One of the most aesthetic, dynamic, innovative and beautiful collegiate stadiums in the nation, Arizona State University's Sun Devil Stadium has played host to some of the best football games for more than four decades.
It has hosted Arizona State University football games since 1958, including the game on Sept. 21, 1996, when the playing surface was named Frank Kush Field as ASU upset top-ranked Nebraska 19-0. It has hosted four national championships - Notre Dame vs. West Virginia in 1988, Nebraska vs. Florida in 1996, Tennessee vs. Florida State in 1999 and Ohio State vs. Miami in 2003. And it played host to the NFL's ultimate showcase - the 1996 Super Bowl where the Dallas Cowboys pulled out a close win over the Pittsburgh Steelers.
The stadium, a favorite of television production crews, was the the home of the Tostito's Fiesta Bowl for 35 years and the NFL's Arizona Cardinals for 18 seasons. Beginning in 2006, Sun Devil Stadium became the new home of the Insight Bowl.
The facility, regarded since 1958 as one of the nation's outstanding collegiate football facilities, also boasts a spectacular, second-to-none setting.
A complete playing surface renovation was christened by ASU on Sept. 5, 1992, as the Sun Devils hosted Washington in the season-opener. At a cost of $2 million, the stadium addition accomplished four goals: 1) provided Sun Devil Stadium with a more durable playing surface; 2) provided better patron sight lines in the lower seating levels; 3) expanded sideline area for player safety; and 4) provided advantages to television and print photographers.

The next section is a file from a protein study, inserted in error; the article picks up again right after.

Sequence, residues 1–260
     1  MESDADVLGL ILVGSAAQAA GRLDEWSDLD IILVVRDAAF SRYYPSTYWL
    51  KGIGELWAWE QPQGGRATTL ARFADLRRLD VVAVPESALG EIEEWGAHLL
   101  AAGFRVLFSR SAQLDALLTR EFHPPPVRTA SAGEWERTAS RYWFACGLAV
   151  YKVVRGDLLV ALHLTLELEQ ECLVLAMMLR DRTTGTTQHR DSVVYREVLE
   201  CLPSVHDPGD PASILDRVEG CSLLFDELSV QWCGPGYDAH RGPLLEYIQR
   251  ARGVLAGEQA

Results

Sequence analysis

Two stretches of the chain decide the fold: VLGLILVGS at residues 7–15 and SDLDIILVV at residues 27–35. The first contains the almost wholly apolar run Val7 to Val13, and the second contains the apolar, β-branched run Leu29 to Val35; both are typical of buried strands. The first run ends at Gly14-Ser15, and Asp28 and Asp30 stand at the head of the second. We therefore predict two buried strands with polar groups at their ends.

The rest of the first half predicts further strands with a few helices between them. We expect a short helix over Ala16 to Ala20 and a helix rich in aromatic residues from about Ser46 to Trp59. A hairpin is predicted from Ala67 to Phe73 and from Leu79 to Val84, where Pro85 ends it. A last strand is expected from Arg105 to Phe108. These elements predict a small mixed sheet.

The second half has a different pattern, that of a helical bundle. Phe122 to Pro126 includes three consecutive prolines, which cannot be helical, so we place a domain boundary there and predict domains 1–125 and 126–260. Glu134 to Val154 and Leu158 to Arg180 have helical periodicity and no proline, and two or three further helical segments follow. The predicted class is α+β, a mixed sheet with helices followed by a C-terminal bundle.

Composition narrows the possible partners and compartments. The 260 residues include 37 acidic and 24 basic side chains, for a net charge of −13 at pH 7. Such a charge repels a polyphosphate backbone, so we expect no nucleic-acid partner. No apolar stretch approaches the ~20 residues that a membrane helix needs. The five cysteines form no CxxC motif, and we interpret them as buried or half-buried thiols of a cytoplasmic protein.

Constructed between two mountain buttes, the stadium literally was carved from the desert, and occupies a space between the Tempe buttes - actually small mountains that ideally have accommodated the growth of the structure.
Sun Devil Stadium addresses Phoenix to the west and the south end zone (formerly the open end) points to scenic Tempe, home of Arizona State University.
With the south end expansion completed and the press and sky boxes in place, and with an expanded cantilevered upper deck (1977), Sun Devil Stadium boasts a capacity of 71,706.
The expansion of 1988, which added a large seating section that completed the oval of the stadium, added almost 1,700 seats to the stadium's capacity. Also added was the Intercollegiate Athletic Complex at the structure's south end, which is now named the Nadine and Ed Carson Student Athlete Center. The building houses the entire realm of the ASU athletic department. A state-of-the-art scoreboard and four-color video replay board were also added.
During the 1978 expansion, design features enabled the stadium to be modernized without light supports, sound system supports, or construction pillars in the viewing line of the spectators. The dramatic proximity of every seat to the playing field is another feature that has made Sun Devil Stadium one of the nation's finest college football arenas.
Originally erected in 1958 (capacity 30,000), the stadium additions were begun in 1976 (boosting capacity to 57,722) and 1977. The latter raised the seating to 70,491.
The expansion effort was an $11 million undertaking, accomplished completely without the aid of state tax monies.
Assisting in a stadium financing plan unlike any other in the nation, the largest and oldest Arizona State support organization, the Sun Angel Foundation, provided $4.5 million of the necessary funding. The Sun Angel contribution was particularly important because it also helped pave the way for bond clearance.
Spectators at stadium events also have helped fund the expansion with their payment of a surcharge on each ticket purchased.
Arizona State has led the Pacific-10 Conference in average attendance seven times (1986, '85, '84, '83, '82, '80 and '79) since joining the league in 1978. ASU finished second six times and third twice. Last year, the Sun Devils drew a home total of 503,003 fans. On a single-game basis, Arizona State averaged 62,875 spectators, fifth in the league.